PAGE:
With its rivers and green facilities, the Canadian city of Quebec will bring its economic and environmental experience to the municipality of Tunis in order to accelerate sustainable development in this Tunisian municipality populated by 12 million souls.
On the sidelines of the 97th meeting of the Bureau of the Association of Francophone Mayors (AIMF), which was recently held in Tunisia, the host city Tunis concluded a partnership with the Canadian municipality of Quebec. The two municipalities will cooperate between 2023 and 2026 to achieve the United Nations’ Sustainable Development Goals (SDGs) by 2030.
According to Souad Abderrahim, the mayor of Tunis, this partnership “will be based on the exchange of expertise, ideas and innovative practices” with the support of the Organisation of World Heritage Cities (OWHC). This organisation brings together 203 cities with a site on the United Nations Educational, Scientific and Cultural Organisation (UNESCO) World Heritage List.
The agreement will enable the implementation of projects focused on the fight against climate change, economic and digital development, as well as the preservation of the natural and cultural heritage of both cities. “The choice we are making together is to say that there is no wall high enough not to overcome it, even if it is only on climate change, which really needs many of us to pool our abilities, rather than looking at our differences and thinking that they separate us,” says Bruno Marchand, the mayor of Quebec City.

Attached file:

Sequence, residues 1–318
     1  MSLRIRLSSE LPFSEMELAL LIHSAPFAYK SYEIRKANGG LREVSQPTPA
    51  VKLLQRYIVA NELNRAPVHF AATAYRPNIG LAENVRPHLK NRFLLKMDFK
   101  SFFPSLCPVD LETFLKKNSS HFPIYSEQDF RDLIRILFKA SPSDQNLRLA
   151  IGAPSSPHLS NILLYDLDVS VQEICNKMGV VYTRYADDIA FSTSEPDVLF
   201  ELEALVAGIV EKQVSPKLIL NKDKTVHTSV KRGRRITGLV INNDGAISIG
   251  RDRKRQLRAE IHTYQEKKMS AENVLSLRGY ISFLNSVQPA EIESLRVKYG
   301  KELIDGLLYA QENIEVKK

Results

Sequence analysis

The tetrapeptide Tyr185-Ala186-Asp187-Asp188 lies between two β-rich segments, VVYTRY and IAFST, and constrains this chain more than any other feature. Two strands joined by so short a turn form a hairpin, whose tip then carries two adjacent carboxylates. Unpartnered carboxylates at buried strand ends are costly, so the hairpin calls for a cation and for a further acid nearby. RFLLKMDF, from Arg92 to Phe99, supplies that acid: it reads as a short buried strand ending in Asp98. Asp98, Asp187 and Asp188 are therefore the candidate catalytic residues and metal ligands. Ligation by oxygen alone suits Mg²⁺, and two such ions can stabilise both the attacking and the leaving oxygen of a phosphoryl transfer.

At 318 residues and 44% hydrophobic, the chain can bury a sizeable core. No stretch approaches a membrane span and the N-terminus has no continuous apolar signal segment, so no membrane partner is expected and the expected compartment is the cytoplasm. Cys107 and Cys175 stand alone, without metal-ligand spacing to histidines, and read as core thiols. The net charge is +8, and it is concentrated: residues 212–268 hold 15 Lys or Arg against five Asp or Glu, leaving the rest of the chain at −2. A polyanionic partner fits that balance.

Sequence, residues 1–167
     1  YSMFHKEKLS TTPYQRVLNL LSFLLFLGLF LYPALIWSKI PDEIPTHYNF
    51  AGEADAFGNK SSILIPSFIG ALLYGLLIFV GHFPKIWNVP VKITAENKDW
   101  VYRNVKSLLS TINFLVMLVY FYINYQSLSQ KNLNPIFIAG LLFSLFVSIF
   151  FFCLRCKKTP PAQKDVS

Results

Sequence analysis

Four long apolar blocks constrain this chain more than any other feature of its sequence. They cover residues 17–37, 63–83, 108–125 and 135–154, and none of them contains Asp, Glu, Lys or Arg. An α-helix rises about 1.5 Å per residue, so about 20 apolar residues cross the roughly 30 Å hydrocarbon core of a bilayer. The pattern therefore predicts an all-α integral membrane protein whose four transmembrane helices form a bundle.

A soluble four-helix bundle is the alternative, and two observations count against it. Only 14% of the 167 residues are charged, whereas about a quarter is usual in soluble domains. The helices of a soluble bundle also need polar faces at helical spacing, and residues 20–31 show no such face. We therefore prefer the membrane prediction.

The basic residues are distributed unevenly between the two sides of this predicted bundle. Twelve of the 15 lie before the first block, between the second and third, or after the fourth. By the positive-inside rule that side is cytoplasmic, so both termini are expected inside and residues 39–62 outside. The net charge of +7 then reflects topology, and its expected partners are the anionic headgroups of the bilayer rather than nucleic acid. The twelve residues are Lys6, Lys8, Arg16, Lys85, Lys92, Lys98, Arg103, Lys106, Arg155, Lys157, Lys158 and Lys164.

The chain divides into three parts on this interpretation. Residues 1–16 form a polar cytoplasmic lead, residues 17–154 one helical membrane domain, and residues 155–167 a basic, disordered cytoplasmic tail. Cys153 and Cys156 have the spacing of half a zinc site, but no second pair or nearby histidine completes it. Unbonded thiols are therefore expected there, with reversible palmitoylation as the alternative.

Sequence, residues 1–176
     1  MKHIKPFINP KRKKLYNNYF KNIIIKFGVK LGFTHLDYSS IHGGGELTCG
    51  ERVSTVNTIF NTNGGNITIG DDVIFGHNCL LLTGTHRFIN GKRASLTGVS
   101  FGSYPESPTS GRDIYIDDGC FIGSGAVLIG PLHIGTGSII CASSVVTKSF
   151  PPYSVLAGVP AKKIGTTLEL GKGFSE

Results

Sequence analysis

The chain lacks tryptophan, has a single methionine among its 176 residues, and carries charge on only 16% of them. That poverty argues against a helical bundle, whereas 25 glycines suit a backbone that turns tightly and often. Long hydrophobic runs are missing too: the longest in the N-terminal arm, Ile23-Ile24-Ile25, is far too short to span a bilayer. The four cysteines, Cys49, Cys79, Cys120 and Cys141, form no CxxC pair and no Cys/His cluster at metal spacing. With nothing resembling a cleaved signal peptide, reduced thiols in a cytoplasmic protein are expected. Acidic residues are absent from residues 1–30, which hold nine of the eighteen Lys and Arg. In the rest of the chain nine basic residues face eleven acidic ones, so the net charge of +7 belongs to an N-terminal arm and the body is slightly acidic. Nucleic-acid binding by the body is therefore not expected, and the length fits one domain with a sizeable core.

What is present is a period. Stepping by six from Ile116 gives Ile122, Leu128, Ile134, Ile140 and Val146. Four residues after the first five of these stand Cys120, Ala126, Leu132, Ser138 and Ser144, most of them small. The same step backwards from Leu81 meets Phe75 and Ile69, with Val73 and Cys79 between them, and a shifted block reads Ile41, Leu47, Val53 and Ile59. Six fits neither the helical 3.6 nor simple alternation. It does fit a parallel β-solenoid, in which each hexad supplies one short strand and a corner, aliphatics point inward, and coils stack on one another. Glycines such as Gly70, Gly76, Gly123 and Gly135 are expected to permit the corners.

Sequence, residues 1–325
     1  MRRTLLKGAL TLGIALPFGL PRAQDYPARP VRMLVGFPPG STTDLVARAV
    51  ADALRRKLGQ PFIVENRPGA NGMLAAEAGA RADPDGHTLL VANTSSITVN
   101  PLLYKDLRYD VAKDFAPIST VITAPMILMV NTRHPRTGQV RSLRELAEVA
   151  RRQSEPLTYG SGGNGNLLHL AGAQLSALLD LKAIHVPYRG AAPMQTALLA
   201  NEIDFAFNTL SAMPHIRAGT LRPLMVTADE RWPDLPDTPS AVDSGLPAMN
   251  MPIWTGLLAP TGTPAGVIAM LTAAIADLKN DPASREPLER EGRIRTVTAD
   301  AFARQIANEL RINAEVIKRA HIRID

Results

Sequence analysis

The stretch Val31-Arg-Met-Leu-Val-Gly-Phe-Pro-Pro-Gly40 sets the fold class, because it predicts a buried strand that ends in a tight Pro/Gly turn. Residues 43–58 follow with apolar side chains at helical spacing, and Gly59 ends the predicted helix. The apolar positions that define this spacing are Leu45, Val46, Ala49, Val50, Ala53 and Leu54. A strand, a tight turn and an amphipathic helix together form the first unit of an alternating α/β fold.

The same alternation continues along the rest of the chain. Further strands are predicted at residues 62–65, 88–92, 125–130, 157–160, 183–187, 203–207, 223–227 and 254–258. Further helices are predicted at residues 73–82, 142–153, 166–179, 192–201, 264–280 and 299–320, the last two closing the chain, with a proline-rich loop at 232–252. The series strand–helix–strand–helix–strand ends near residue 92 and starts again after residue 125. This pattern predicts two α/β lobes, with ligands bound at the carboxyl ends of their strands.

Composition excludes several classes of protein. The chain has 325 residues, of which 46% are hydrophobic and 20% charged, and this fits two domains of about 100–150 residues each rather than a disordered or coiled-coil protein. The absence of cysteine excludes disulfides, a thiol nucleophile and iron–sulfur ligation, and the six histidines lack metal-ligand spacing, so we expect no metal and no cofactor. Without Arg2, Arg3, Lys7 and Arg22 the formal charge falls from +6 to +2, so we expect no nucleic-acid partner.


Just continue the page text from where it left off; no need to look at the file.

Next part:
Developing sustainable cities
Like Tunis, other Tunisian cities are seeking sustainable development by working to improve access to drinking water and develop low-carbon transport systems. It is in this context that the Tunisian authorities have jointly launched a call for projects to install new bicycle stations in the municipalities of Mahdia, located 200 km south of Tunisia, and Kairouan, with a population of 570,000 in the centre of the country. The project is supported by the European Association for Local Democracy (ALDA) and the Cooperation for the Development and Improvement of Urban and Peri-urban Transport (CODATU).
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Meanwhile, the Annual Investment Programme (AIP) is in full swing in Tunisia. This initiative has recently enabled nine municipalities to obtain the “Act” label awarded by the National Agency for Energy Management (ANME) for their energy and climate projects. These are the cities of Sfax, Sousse, Kairouan, Nabeul, Bizerte, Médenine, Hammam-Lif, Douz and Kef. Among the initiatives rewarded by Acte, there is the project to supply administrative buildings with photovoltaic solar energy, carried out by the Bizerte municipality, and the project to set up a technology to provide information on the climate in the city of Sfax.